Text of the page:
And while the funding for Phase 2 is nowhere to be found at present, the fact that both funding and approval for Phase 1 appears set is newsworthy enough in itself. The state’s Public Authority Control Board approved Phase 1 of the Moynihan Station project on Wednesday, which finally lent a bit of momentum to a project that had been fully stalled for nearly a decade. “With each additional approval (of which there are many), it’s actually looking like the project, which would eventually move Amtrak into the Corinthian column-lined Farley Post Office across Eighth Avenue, will see the start of construction,” Eliot Brown writes in the New York Observer. “The approval was for $267 million in infrastructure construction that would expand a concourse and complete ventilation work–most certainly not the sexiest or visually appealing part of the project.”
One could argue that all this doesn’t mean all that much, given that Phase 2 is still something of a longshot unless and until the flat-broke state government — or a Congress hobbled by appallingly cynical and risibly shameless faux-deficit hawks on one side and weenies of only the vaguest principle on the other — can turn up $1-to-$1.5 billion for an eminently worthy transportation project of the kind that people used to believe it was the state’s job to fund. Brown aruges as much in the Observer, writing that, “on its own, this probably isn’t worth $267 million in value for riders, as the spending rests on the assumption that the state will eventually find money for the rest of the project.” Phase 1 will certainly relieve the hellish congestion at Penn Station, though — no word on the sad pretzel smell, alas — and that’s not nothing. And while we don’t like to deal in sports section cliches here at gbNYC (I save that for my actual sportswriting), there is one other benefit that Phase 1 would confer — a fundamental and important momentum that makes Phase 2 seem possible.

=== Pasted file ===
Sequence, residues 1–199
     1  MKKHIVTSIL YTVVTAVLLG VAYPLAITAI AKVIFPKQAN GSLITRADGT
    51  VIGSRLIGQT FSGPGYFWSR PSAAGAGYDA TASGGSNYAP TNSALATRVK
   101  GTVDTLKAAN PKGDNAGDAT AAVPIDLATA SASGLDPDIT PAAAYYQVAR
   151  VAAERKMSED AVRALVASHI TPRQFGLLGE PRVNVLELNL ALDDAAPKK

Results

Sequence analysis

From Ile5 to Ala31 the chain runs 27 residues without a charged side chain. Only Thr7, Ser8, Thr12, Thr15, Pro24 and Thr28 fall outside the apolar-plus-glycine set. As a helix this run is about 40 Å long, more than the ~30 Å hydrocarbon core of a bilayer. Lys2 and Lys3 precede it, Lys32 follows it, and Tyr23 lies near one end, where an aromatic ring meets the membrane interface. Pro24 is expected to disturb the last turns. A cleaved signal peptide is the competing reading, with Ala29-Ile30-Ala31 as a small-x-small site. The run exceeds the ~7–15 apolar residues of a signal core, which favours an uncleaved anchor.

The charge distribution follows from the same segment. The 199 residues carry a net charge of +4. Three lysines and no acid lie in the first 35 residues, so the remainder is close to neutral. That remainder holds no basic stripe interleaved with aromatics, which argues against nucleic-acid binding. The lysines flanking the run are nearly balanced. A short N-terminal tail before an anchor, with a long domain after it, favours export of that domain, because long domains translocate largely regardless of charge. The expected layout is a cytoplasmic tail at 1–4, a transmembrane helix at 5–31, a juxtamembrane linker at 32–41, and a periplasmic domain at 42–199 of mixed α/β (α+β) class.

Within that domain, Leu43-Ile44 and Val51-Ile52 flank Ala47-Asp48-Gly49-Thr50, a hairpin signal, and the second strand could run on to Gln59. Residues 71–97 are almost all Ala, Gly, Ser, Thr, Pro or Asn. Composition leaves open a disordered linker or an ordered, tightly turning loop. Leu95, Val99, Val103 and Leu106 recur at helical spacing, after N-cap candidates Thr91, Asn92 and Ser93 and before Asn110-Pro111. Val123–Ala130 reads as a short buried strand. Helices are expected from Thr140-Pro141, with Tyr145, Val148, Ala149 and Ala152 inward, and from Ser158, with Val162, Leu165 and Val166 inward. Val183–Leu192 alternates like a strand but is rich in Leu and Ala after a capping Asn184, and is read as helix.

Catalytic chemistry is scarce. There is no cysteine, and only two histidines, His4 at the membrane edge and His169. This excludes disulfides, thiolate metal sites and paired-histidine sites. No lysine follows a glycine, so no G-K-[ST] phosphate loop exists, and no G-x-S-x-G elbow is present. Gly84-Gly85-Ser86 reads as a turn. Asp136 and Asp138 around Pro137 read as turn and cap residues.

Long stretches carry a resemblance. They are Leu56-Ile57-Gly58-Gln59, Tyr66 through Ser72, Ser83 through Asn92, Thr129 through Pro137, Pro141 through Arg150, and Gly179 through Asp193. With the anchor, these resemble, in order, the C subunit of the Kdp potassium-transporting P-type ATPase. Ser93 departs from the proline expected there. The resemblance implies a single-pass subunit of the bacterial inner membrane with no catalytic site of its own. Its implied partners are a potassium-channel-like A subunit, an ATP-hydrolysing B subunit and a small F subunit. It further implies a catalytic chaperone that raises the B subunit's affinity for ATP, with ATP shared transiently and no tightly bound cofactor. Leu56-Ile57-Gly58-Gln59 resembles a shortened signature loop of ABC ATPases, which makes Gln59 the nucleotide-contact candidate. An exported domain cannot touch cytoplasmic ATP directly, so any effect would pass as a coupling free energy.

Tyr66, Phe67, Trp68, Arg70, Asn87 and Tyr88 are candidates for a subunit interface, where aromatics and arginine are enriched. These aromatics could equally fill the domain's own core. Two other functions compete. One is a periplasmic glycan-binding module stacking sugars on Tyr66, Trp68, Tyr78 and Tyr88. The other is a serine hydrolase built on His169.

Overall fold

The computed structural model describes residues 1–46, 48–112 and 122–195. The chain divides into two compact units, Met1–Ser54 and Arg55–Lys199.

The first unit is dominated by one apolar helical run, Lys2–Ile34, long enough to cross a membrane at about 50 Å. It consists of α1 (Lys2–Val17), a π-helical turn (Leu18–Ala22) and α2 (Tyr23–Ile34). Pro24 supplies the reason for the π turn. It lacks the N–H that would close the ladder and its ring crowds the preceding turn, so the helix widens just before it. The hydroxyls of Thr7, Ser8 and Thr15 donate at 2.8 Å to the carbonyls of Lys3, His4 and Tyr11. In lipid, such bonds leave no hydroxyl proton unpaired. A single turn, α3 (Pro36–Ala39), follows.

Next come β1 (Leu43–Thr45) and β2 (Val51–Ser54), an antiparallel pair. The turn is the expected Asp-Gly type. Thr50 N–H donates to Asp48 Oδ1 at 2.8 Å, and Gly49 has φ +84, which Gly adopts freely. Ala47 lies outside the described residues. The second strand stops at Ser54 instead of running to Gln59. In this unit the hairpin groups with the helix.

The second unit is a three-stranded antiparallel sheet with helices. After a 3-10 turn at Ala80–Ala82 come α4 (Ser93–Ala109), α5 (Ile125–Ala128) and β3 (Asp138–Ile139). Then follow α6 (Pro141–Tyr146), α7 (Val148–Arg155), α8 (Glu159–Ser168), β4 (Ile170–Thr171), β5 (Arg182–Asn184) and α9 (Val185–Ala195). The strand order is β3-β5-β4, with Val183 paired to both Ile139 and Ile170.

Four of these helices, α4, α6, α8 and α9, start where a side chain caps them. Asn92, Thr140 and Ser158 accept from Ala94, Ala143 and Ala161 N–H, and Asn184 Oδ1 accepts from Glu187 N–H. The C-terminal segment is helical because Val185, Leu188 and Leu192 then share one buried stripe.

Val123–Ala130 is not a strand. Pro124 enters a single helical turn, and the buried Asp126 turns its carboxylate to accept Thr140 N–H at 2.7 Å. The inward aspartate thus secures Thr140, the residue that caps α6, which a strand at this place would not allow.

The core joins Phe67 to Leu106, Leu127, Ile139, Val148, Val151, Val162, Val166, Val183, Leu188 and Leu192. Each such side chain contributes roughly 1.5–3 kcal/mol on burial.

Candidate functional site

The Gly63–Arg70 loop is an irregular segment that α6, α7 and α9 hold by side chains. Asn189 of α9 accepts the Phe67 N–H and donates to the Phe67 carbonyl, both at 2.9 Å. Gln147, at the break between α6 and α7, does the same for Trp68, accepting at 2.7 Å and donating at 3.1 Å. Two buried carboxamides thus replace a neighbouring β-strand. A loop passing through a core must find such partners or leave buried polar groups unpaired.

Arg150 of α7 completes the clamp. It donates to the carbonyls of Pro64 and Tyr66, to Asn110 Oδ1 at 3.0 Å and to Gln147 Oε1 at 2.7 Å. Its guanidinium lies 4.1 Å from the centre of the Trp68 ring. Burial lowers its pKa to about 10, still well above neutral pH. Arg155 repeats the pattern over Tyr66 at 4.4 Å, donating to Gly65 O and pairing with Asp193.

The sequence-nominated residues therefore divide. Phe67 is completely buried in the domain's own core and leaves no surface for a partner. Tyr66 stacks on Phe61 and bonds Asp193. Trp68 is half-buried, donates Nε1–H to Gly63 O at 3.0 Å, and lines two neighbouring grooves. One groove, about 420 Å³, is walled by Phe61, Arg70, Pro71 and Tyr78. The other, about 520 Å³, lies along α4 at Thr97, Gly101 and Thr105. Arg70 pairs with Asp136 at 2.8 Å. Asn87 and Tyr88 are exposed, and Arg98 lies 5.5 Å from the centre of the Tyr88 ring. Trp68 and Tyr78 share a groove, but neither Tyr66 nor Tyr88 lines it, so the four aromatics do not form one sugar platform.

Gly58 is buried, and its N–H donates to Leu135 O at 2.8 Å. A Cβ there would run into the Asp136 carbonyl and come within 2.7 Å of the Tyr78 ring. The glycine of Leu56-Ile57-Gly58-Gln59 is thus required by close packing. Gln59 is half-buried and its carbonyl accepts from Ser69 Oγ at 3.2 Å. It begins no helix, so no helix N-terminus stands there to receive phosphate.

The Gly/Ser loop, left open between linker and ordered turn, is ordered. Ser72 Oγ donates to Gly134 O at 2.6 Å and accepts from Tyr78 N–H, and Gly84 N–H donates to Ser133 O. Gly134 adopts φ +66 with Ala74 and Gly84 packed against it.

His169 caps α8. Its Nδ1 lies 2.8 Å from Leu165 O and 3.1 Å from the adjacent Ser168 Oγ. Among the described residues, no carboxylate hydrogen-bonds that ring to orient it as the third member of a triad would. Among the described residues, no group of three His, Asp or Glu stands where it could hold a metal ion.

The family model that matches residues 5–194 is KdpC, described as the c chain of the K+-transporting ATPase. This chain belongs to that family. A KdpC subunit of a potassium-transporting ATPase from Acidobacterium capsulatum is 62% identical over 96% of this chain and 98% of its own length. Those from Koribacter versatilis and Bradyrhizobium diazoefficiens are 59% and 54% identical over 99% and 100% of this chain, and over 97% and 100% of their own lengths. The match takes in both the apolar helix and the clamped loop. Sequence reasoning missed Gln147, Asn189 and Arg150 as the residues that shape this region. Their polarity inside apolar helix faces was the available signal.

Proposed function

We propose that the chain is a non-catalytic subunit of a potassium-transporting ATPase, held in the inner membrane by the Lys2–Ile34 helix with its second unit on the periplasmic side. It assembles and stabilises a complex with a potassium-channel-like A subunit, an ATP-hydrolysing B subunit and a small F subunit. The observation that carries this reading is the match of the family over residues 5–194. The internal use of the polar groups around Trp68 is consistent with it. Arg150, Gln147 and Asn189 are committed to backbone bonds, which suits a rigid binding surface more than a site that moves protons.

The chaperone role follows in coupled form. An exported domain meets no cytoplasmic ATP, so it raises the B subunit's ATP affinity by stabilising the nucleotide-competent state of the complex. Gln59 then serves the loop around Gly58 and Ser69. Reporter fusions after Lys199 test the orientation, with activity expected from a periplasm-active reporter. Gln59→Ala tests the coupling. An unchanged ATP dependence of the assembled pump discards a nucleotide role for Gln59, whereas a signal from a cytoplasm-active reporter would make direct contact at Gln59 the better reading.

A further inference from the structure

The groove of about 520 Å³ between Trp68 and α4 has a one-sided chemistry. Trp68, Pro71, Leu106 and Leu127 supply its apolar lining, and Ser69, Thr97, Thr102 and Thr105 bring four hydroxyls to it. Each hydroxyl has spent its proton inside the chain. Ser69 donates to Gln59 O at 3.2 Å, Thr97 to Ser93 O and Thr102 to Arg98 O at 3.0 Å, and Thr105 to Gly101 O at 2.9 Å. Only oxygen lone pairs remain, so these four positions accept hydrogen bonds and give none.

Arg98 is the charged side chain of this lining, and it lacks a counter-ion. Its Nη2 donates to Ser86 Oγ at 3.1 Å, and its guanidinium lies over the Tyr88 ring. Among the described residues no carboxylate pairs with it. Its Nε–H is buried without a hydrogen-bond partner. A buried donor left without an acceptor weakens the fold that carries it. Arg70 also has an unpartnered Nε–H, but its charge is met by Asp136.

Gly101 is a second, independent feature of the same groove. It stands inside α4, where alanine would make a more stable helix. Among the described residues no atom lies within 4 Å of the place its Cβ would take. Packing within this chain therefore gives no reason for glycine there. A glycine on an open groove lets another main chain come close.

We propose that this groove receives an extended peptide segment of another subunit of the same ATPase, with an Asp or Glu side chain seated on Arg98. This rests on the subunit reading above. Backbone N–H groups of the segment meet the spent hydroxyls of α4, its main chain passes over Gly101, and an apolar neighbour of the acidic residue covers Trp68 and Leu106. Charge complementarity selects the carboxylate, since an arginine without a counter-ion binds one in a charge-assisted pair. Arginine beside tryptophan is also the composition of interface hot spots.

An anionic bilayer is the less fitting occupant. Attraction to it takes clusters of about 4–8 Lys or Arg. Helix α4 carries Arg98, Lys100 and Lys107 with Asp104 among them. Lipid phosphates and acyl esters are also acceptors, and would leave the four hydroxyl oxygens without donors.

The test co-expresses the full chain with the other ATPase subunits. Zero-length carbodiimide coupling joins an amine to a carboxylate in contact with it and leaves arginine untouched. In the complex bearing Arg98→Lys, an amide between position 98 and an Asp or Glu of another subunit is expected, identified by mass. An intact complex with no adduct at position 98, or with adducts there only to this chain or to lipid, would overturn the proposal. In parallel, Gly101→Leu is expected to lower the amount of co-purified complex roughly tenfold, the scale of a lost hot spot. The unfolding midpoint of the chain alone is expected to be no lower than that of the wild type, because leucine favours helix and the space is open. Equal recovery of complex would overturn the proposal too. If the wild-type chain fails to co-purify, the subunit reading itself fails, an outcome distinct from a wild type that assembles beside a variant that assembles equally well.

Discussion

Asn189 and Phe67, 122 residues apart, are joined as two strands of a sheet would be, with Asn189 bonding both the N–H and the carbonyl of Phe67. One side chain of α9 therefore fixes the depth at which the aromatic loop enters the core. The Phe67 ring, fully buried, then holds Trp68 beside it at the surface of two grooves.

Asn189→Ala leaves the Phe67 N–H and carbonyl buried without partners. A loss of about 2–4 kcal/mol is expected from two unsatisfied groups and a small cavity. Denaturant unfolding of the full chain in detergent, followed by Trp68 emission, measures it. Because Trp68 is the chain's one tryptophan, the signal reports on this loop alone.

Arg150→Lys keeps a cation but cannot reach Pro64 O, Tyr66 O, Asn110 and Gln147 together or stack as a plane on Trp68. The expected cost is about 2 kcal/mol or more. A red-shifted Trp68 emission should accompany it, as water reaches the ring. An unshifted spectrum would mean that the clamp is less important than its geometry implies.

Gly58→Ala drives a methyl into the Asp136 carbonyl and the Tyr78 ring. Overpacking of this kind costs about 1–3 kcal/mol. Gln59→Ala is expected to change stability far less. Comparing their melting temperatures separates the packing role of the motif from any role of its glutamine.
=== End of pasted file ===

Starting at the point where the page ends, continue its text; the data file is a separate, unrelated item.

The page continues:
Even without any green design elements, Moynihan Station and improved commuter and AMTRAK rail service would obviously confer a huge environmental benefit not just to New York City but to all surrounding areas. And from a more Manhattan-centric perspective, Moynihan Station would do much to improve the already surging fortunes of the previously sagging Hudson Yards area. Factor in expanded 7 train service on the west side (one, and possibly two, new stations coming in 2013) and a crop of planned and extant new rental and condominium construction — including the Related Companies’ blockbuster LEED rental building, Emerald Green — and greater Hudson Yards could become a very interesting neighborhood indeed. Anyone who remembers that neighborhood from even a few years ago might find that hard to imagine, and anyone who has followed Moynihan Station’s glacial progress over the past two decades surely finds it difficult to imagine the prospect of a Farley/Moynihan building as a neighborhood jewel. But both those former long shots have become a bit easier to imagine of late, and that’s something worth celebrating — and not entirely because it would mean retiring both the current Penn Station and its panoply of depressing odors.